Following the creation of our costume, we drew the figure on a person on a landscape page. After drawing the person with the costume, with or without modifications/additions, we drew the background scene in which it would be found. My partner and I both imagined a forest environment, the costume's purpose being for a film (versus performance/installation). We then had the choice of whether or not to add red, blue or yellow to our image and then discussed with our partner whether or not we would add one of these colours to the costume itself or the original image from which it was produced (aka. the background). We discussed the possibility of adding blue to the background to emphasise a sad, dark environment or possibly dark red to show a more aggressive environment, although in the end we did not apply any colour.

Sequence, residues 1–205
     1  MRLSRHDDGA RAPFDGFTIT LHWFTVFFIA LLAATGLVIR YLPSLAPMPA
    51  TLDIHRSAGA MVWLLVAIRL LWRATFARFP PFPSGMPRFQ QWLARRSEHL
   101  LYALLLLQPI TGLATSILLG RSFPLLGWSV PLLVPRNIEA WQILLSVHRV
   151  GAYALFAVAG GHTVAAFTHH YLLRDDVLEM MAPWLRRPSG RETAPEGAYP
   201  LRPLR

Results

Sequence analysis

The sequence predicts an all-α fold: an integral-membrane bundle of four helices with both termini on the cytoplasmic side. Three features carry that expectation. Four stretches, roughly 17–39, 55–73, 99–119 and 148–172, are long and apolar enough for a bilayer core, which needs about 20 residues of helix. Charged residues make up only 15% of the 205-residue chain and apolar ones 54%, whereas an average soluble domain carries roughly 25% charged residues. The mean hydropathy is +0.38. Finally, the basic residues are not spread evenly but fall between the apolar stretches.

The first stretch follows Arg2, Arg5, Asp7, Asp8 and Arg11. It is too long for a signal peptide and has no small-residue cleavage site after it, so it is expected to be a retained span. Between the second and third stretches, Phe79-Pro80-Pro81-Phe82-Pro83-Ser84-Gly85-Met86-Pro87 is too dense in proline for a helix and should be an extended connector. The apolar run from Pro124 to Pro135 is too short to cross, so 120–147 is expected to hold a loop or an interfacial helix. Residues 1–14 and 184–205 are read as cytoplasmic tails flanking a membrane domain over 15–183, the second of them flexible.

Afterwards we were put into groups to place our costumes together in a scene/display. It was very interesting to see how costumes could be grouped despite completely different paths taken to achieve the final piece. My costume was placed in a group with two others and we put them in a circle back to back with lights shining up from below them (as a display). It was interesting contrasting it to another group which had very historical-looking costumes that reminded one of royalty or a type of event in which gowns or decorated garments would be worn. They were contrasted in that their group was very matriarchal whereas ours was very patriarchal and this contrast was created by the shapes and forms created within each costume and where volume was added (i.e. shoulders which created a more manly feeling whereas volume around the hips was more feminine).
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